Ecommerce is an undeniably powerful opportunity for retail stores to increase sales and reach new customers. And, in 2020 and beyond, it will continue to become an increasingly popular shopping choice for many consumers.
In fact, Statista predicts that ecommerce revenue will surpass $638 billion in the U.S. by 2022.
And, in 2020, amidst the global crisis, ecommerce is fast becoming the go-to model for keeping retail businesses afloat.
Brands that have adopted ecommerce are seeing success, particularly since most shoppers are staying at home.
But, for companies considering how to shift into ecommerce, such a drastic shift can feel like a challenge.
To ease the burden on retailers, we share eight steps you should follow when implementing an ecommerce project management plan.
1. Pick-up and Delivery Services
Due to the current global conditions, consumers have been staying indoors — and, as a result, they have become accustomed to doing most activities from their homes, including shopping.
Retail has been directly impacted by this change in consumer behavior. To stay healthy, people aren't walking into stores and restaurants to make purchases anymore. Instead, they're typically making those transactions online.
Additionally, the convenience of having items delivered to one's home has changed the shopping experience for consumers. People will likely continue to prefer ecommerce even after the global crisis is over.
The same goes for pick-ups — although it requires the customer to leave their home and take precautions, the process has become streamlined and requires little interaction. Ultimately, retailers will need to note these conveniences and how effectively they have drawn customers. This is a model that will need to be implemented post-crisis.
To shift to an ecommerce model, companies need to first research competitive shipping prices to get the best deals. Customers want more items shipped, and prohibitive shipping costs might be a deal-breaker for some of your customers.
The existence of a shipping option also means investing in packaging, which means custom branded boxes and packages will become a mainstay for stores. Brands will also need to be aware of the price and quality of their packaging — they will be expected to invest in sustainable packaging to make for a safer future.
Ultimately, shipping and delivery is a major component of ecommerce and can incentivize customers to become long-term advocates of your brand if implemented successfully.
2. More Health and Safety Measures
The world has been looking forward to life after COVID-19, but the reality is that we will be adjusting to life with it.
The hygiene practices initiated during the lockdown procedures will need to be maintained, especially as more retailers open up.
Companies need to scout out strategic locations around their stores to add sanitizers. More cleaning crews will need to be brought in regularly to disinfect the premises.
Social distancing measures may have been relaxed in certain parts of the world, but there will be occasional flare-ups. Retailers should prepare to reduce the number of people allowed within their building sites — which could mean a fluctuation in sales and revenue.
As we have mentioned, curbside pickups and home deliveries will become the norm, but brands need to ensure that these items are handled with care.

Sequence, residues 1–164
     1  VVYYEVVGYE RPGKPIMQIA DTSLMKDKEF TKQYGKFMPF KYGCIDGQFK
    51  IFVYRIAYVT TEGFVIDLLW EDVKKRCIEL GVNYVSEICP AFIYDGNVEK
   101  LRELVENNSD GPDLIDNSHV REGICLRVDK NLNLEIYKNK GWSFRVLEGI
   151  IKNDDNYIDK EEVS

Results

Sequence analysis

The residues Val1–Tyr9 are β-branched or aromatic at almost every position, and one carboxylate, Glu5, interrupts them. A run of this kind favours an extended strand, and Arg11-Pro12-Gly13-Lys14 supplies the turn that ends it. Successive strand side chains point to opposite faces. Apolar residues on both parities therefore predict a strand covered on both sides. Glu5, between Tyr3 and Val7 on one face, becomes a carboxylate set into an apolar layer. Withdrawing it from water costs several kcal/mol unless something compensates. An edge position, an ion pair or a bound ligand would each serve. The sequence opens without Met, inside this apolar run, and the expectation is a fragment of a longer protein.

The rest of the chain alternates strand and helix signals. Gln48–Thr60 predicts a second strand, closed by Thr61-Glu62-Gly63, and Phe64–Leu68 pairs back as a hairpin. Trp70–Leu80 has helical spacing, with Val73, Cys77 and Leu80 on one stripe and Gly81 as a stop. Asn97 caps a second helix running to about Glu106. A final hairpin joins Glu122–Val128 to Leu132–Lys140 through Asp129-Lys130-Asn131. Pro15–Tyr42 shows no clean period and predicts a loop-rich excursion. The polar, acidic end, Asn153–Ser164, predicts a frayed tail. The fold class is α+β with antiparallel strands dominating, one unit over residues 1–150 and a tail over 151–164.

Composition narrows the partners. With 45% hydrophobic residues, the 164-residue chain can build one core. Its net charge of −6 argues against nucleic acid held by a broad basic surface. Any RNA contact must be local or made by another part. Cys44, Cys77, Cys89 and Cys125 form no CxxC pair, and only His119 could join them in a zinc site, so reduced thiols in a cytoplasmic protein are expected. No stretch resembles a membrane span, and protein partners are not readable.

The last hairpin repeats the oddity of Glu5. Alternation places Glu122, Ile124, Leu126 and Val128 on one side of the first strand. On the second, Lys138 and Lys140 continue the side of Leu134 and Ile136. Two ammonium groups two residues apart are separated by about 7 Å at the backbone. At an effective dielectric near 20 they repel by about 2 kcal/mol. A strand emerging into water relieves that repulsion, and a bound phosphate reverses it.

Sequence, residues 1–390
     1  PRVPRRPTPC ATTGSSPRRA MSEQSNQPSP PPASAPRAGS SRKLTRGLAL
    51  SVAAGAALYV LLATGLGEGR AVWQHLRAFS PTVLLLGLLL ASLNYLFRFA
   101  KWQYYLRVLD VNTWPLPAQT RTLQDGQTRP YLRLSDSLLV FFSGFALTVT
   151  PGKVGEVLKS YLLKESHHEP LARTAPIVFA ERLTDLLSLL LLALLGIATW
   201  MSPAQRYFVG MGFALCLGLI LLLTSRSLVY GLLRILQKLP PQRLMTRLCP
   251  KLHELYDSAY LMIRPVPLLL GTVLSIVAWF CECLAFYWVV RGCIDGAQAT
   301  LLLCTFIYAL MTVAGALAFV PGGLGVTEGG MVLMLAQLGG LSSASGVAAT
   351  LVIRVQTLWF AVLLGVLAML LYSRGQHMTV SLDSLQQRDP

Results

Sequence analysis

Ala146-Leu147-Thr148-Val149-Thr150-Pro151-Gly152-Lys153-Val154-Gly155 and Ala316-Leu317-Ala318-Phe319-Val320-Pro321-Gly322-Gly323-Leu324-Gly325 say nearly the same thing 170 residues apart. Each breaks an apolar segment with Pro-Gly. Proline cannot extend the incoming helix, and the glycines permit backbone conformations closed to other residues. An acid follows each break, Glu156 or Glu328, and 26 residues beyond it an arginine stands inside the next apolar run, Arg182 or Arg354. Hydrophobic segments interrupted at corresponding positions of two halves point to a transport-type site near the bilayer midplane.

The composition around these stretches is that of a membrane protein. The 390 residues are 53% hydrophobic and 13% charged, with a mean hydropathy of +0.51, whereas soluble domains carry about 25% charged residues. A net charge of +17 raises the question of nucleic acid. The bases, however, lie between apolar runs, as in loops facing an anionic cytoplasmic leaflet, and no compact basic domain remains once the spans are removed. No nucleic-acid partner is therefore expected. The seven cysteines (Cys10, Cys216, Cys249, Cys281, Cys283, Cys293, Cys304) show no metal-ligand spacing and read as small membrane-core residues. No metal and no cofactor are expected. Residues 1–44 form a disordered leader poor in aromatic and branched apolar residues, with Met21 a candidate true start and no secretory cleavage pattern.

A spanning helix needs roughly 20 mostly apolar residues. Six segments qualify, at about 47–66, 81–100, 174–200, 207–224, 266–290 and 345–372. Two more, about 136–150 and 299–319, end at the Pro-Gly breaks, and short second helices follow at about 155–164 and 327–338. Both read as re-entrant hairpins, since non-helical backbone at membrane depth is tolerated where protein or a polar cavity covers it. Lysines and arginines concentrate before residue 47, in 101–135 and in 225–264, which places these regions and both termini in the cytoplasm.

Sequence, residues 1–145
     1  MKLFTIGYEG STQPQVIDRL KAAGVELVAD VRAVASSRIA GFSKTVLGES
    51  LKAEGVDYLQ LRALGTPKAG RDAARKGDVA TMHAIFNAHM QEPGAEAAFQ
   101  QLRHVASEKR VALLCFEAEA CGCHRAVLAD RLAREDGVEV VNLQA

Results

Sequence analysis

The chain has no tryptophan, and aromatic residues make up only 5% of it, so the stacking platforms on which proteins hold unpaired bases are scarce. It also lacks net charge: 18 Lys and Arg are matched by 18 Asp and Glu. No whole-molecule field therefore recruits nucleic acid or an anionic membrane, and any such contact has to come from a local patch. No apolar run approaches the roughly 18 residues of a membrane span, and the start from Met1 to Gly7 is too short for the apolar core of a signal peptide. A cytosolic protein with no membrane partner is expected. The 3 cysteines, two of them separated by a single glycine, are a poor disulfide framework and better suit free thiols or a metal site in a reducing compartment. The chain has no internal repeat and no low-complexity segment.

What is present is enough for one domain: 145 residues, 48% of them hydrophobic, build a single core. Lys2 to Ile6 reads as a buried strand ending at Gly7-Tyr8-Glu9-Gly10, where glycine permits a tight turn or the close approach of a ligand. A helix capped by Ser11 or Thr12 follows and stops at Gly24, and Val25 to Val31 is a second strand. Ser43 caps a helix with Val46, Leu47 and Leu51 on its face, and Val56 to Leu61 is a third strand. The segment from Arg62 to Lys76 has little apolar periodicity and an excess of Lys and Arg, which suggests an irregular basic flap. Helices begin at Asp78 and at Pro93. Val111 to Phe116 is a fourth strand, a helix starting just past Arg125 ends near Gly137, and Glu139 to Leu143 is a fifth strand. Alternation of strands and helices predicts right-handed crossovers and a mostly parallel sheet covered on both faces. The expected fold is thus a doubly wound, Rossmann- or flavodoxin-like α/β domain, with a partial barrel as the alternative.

Current staff members are likely already trained on safety measures, but any new members will need to be on-boarded accordingly. Additionally, businesses will need to work to keep their employees safe within the premises.
The world has changed and we will be feeling the effects for a while after — preparing for a safer working environment can only benefit a business in the long-run.
3. Remote Work
Retailers may not be directly impacted by remote work, but their customers will be — and this needs to be factored in when designing the project plan for shifting into ecommerce.
While stores need their in-store staff to function, a large majority of their customers will continue to work from home for the rest of 2020 and beyond.
Many companies are also considering making a portion of their staff permanently remote, which will impact how they access retail services like food, clothes, and entertainment.
4. Diminished Brand Awareness
The quarantine period put paid to all theories about brand awareness and loyalty.
Consumers were so desperate for products that they bought them from whichever brand was available — despite being patrons of other companies for years before.
And this trend may well continue — the 'get whatever you can' mindset has set in quickly and will be difficult to shake, and the impact on brand awareness will be felt for long after.
Since the world has had months of needing specific items and grabbing at whatever was available, consumers will find that supporting a single brand isn't always a valuable position for them.
With so many consumers dipping into multiple brands, retailers will have to work twice as hard to spread awareness about their business.
Companies would do well to adapt their brand awareness activities to highlight their ecommerce efforts — such as more online shopping options, delivery, and pickup services.
Creating messaging that boosts the business' ecommerce aspects and opportunities will go a long way in attracting audiences, as it is relevant and timely.
Regular updates about health and safety measures will also reassure customers enough to give them an incentive to visit stores.